Rising from the ashes, the Dão’s phoenix 2017 vintage
I’m in the Dão all this week. It has been a terrific opportunity to get under the skin of a region which, in recent years, has seen an exciting injection of fresh blood. Meanwhile, the region’s established players continue to hone their craft to great effect. The whites, especially Encruzado and Encruzado-led blends have, once again, deeply impressed me.
It was particularly heartening to hear that 2017 – the driest and earliest year on record – produced great quality in good quantity. It’s important to communicate this message because, I suspect, 2017 will mostly be remembered for the widespread havoc wreaked by the horrendous forest fires on 15th October. Lives, property and vineyards were lost here last month. Everywhere I went (and the Dão is sizeable), I saw huge swathes and bizarre pockets of scorched forest and dessicated vineyards.
Fortunately, many of the producers I met had narrow escapes owing to a change in the direction of the wind. However, you may have read Decanter’s report about the fires, quoting Sara Dionísio & António Lopes Ribeiro of Casa de Mouraz and Luís Lourenço of Quinta dos Roques, whose vineyards were severely affected. A warehouse rented by Sara & António was also completely destroyed, resulting in substantial stock losses. [Since i wrote this post, the couple have launched a crowd-funding campaign in order to support their goals of replanting six hectares of vineyards, replacing destroyed farming equipment and building a new warehouse and cellar. Click here to find out more and/or to contribute to this worthy cause].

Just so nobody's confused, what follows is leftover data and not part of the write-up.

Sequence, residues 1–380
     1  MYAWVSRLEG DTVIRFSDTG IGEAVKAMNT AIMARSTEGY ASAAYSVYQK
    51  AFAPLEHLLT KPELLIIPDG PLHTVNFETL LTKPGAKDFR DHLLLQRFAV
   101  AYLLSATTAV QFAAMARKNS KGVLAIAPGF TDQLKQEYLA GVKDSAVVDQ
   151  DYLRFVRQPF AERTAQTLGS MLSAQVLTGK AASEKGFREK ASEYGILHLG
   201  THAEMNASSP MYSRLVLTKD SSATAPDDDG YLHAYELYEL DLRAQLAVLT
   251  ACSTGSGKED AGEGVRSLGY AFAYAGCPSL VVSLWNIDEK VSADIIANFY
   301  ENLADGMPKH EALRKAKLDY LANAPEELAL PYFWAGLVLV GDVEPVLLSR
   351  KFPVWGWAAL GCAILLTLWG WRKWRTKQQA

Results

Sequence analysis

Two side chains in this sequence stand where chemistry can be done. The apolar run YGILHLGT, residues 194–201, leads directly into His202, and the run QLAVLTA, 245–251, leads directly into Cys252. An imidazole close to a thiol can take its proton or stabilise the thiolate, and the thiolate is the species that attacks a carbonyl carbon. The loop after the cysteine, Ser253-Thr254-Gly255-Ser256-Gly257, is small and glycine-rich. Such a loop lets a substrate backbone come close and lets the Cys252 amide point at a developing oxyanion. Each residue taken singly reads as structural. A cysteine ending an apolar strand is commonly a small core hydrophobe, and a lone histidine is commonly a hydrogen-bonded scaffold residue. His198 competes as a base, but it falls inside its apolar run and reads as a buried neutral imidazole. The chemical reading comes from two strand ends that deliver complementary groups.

In Tondela, where Casa de Mouraz is surrounded by blue gum plantations, the more combustible leaves of this popular cash crop (which is cultivated for paper production) exacerbated the situation. Dionísio told me there were “big balls of fire from the sky,” temperatures hit 30 degrees at midnight and it was so hot that stones split. Lourenço was glad that Roques is mostly surrounded by pine trees, otherwise the damage could have been worse.
The vineyard pictured above came off lightly compared with Roques’ worst affected vineyard, which looked blow-torched in parts. Looking on the bright side Lourenço, a natural born optimist, was grateful that, because it was so dry, the harvest was done and dusted well before the fires. However, as you can see from my video interview with him at the vintage which was most damaged by the fires, he is not so optimistic about the future of farming in Portugal’s interior.
Specifically, he is concerned that greater value should be attached to agriculture and agricultural products if Portugal’s interior is not to become even more deserted. A view which was echoed by Dionísio and Lopes Ribeiro, who told me about government measures currently under discussion which set compensation for the primary sector (agriculture) at 50% versus 85% for the industrial and services sectors. Yet, as Lopes Ribeiro points out, “if there are no farmers, there is more forest and more risk in future.”
So there is much more at stake than the fate of damaged vineyards. The Dão CVR (wine commission) is hosting a meeting tomorrow at 11am for growers and producers to meet with the Minister of Agriculture and Frederico Falcão, President of the Instituto da Vinha e do Vinho (IVV) to discuss the issues. Doubtless compensation levels, blue gum plantations, forestry management/clearance and firefighting budgets will be on the agenda, but how to incentivise people to build a future in the countryside poses much bigger questions.
Meantime, can I encourage you to support the Dão. Come visit. There is a Rota dos Vinhos – a wine trail – so you can discover for yourself the wonderful wines, producers and food of this region. Buy the wines. I’ll post my highlights soon.